Main article: Hardtack The need for nutritious, easy-to-store, easy-to-carry, and long-lasting foods on long journeys, in particular at sea, was initially solved by taking live food a long with a butcher/cook. However, this took up additional space on what were ei ther horse-powered treks or small ships, reducing the time of travel before addi tional food was required. This resulted in early armies' adopting the style of h unter-foraging. The introduction of the baking of processed cereals including the creation of fl our provided a more reliable source of food. Egyptian sailors carried a flat, br ittle loaf of millet bread called dhourra cake, while the Romans had a biscuit c alled buccellum.[6] Roman cookbook Apicius describes: "a thick paste of fine whe at flour was boiled and spread out on a plate. When it had dried and hardened, i t was cut up and then fried until crisp, then served with honey and pepper." Many early physicians believed that most medicinal problems were associated with digestion. Hence, for both sustenance and avoidance of illness, a daily consump tion of a biscuit was considered good for health. Hard biscuits soften as they age. To solve this problem, early bakers attempted to create the hardest biscuit possible. Because it is so hard and dry, if proper ly stored and transported, navies' hardtack will survive rough handling and high temperature. Baked hard, it can be kept without spoiling for years as long as i t is kept dry. For long voyages, hardtack was baked four times, rather than the more common two, and prepared six months before sailing.[7] To soften hardtack f or eating, it was often dunked in brine, coffee, or some other liquid or cooked into a skillet meal. The more refined captain's biscuit was made with finer flour. At the time of the Spanish Armada in 1588, the daily allowance on board a Royal Navy ship was one pound of biscuit plus one gallon of beer. Samuel Pepys in 1667 first regularised naval victualling with varied and nutritious rations. Royal N avy hardtack during Queen Victoria's reign was made by machine at the Royal Clar ence Victualling Yard at Gosport, Hampshire, stamped with the Queen's mark and t he number of the oven in which they were baked. Biscuits remained an important p art of the Royal Navy sailor's diet until the introduction of canned foods. Cann ed meat was first marketed in 1814; preserved beef in tins was officially added to Royal Navy rations in 1847.[6] Confectionery biscuits Traditional Polish torun gingerbread Early biscuits were hard, dry, and unsweetened. They were most often cooked afte r bread, in a cooling bakers' oven; they were a cheap form of sustenance for the poor. By the seventh century AD, cooks of the Persian empire had learnt from their for ebears the secrets of lightening and enriching bread-based mixtures with eggs, b utter, and cream, and sweetening them with fruit and honey.[8] One of the earlie st spiced biscuits was gingerbread, in French pain d'pices, meaning "spice bread" , brought to Europe in 992 by the Armenian monk Grgoire de Nicopolis. He left Nic opolis Pompeii, of Lesser Armenia to live in Bondaroy, France, near the town of Pithiviers. He stayed there for seven years, and taught French priests and Chris tians how to cook gingerbread.[9][10][11] This was originally a dense, treaclely (molasses-based) spice cake or bread. As it was so expensive to make, early gin ger biscuits were a cheap form of using up the leftover bread mix. With the combination of the Muslim invasion of the Iberian Peninsula, and then t he Crusades developing the spice trade, the cooking techniques and ingredients o

f Arabia spread into Northern Europe.[8] By mediaeval times, biscuits were made from a sweetened, spiced paste of breadcrumbs and then baked (e.g., gingerbread) , or from cooked bread enriched with sugar and spices and then baked again.[12] King Richard I of England (aka Richard the Lionheart) left for the Third Crusade (1189 92) with "biskit of muslin", which was a mixed corn compound of barley, rye , and bean flour.[6] As the making and quality of bread had been controlled to this point, so were th e skills of biscuit-making through the craft guilds.[8] As the supply of sugar b egan, and the refinement and supply of flour increased, so did the ability to sa mple more leisurely foodstuffs, including sweet biscuits. Early references from the Vadstena monastery show how the Swedish nuns were baking gingerbread to ease digestion in 1444.[13] The first documented trade of gingerbread biscuits dates to the 16th century, where they were sold in monastery pharmacies and town squa re farmers markets. Gingerbread became widely available in the 18th century. The British biscuit firms of Carrs, Huntley & Palmer, and Crawfords were all establ ished by 1850.[14] Hence, along with local farm produce of meat and cheese, many regions of the wor ld have their own distinct style of biscuit, so old is this form of food. Most modern biscuits can trace their origins back to either the hardtack ship's biscuit, or the creative art of the baker: Ship's biscuit derived: Digestive, rich tea, Abernethy, cracker[citation nee ded] Baker's art: Biscuit rose de Reims Biscuits today can be savoury or sweet, but most are small at around 5 cm (2.0 i n) in diameter, and flat. The term biscuit also applies to sandwich-type biscuit s, wherein a layer of "creme" or icing is sandwiched between two biscuits, such as the custard cream, or a layer of jam (as in biscuits which, in the United Kin gdom, are known as "Jammy Dodgers") Dunking a biscuit Sweet biscuits are commonly eaten as a snack food, and are, in general, made wit h wheat flour or oats, and sweetened with sugar or honey. Varieties may contain chocolate, fruit, jam, nuts, or even be used to sandwich other fillings. Usually , a dedicated section for sweet biscuits is found in most European supermarkets. In Britain, the digestive biscuit and rich tea have a strong cultural identity a s the traditional accompaniment to a cup of tea, and are regularly eaten as such . Many tea drinkers "dunk" their biscuits in tea, allowing them to absorb liquid and soften slightly before consumption. A dark chocolate Tim Tam Savoury biscuits or crackers (such as cream crackers, water biscuits, oatcakes, or crisp breads) are usually plainer and commonly eaten with cheese following a meal. Other savoury biscuits include the Jewish biscuits known as matzos. Many s avoury biscuits also contain additional ingredients for flavour or texture, such as poppy seeds, onion or onion seeds, cheese (such as cheese melts), and olives . Savoury biscuits also usually have a dedicated section in most European superm arkets, often in the same aisle as sweet biscuits. The exception to savoury bisc uits is the sweetmeal digestive known as the "Hovis biscuit", which, although sl ightly sweet, is still classified as a cheese biscuit. Savoury biscuits sold in supermarkets are sometimes associated with a certain geographical area, such as Scottish oatcakes or Cornish wafer biscuits. In general, Australians, South Africans, New Zealanders, Kenyans, Indians, Pakis tanis, Sri Lankans, Singaporeans, and the Irish use the British meaning of "bisc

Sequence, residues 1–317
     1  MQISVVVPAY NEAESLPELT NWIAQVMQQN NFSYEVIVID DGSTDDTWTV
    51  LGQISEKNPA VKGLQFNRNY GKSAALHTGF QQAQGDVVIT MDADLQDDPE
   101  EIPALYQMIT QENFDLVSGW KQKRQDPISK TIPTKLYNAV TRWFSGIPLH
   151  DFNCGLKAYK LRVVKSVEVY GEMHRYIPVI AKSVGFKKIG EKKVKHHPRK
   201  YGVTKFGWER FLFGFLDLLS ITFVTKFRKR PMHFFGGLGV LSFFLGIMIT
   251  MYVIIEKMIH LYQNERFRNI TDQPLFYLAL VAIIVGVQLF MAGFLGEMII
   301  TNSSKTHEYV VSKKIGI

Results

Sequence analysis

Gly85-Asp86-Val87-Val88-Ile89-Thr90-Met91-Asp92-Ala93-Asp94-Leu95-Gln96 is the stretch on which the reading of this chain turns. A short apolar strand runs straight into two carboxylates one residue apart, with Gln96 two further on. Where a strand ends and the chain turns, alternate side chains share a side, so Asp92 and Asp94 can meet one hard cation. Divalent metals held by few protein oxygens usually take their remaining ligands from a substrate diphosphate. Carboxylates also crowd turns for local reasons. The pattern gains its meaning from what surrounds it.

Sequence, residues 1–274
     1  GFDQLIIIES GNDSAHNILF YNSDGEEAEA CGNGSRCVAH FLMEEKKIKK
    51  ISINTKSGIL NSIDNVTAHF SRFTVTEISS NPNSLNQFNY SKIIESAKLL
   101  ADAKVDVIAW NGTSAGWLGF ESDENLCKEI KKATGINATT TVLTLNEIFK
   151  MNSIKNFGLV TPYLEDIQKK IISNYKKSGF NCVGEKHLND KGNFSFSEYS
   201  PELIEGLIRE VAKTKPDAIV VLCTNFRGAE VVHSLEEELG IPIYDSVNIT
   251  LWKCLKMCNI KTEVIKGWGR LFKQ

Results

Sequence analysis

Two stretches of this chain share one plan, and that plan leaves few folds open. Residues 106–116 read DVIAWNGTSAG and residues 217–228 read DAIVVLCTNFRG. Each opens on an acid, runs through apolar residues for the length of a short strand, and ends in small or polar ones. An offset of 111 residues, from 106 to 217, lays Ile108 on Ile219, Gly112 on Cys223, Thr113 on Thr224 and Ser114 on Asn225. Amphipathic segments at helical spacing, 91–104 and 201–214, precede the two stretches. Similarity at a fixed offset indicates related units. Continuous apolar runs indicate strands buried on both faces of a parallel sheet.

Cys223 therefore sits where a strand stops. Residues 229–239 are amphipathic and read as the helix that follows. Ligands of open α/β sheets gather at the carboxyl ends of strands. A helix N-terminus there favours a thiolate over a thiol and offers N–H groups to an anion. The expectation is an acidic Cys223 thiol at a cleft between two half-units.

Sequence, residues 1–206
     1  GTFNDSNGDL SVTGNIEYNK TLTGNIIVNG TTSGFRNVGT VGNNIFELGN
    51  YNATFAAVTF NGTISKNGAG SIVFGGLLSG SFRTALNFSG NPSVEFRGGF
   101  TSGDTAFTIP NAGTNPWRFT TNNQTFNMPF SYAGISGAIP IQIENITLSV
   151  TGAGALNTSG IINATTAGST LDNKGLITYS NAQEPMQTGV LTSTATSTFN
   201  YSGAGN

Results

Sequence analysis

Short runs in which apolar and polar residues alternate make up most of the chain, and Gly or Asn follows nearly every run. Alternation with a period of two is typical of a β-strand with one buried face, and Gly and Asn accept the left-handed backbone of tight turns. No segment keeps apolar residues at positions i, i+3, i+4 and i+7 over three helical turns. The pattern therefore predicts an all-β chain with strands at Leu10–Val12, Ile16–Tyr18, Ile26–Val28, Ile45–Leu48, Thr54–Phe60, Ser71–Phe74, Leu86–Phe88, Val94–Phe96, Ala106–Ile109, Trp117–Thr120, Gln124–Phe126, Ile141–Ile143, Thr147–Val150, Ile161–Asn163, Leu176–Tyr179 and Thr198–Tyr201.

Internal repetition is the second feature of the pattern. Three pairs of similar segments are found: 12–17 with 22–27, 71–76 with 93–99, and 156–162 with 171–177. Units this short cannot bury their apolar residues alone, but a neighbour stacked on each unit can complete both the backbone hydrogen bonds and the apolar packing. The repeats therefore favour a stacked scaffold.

uit" for the sweet biscuit. In both Canada and Australasia, the terms biscuit an d cookie are used interchangeably, depending on the region and the speaker, with biscuits usually referring to hard, sweet biscuits (such as digestives, Nice, B ourbon creams, etc.) and cookies for soft baked goods (i.e. chocolate chip cooki es). Two famous Australasian biscuit varieties are the ANZAC biscuit and the Tim Tam. This sense is at the root of the name of the United States' most prominent maker of cookies and crackers, the National Biscuit Company, now called Nabisco . A serving of biscuits and gravy, accompanied by home fries Biscuits and gravy is a popular breakfast dish in much of North America, especia lly in the Southern United States. It consists of soft, unsweetened dough biscui ts covered in thick "country," "sausage," or "white" gravy, also known as sawmil l gravy, made from the drippings of cooked pork sausage, white flour, milk, and often (but not always) bits of sausage, bacon, ground beef, or other meat. The g ravy is often flavored with black pepper.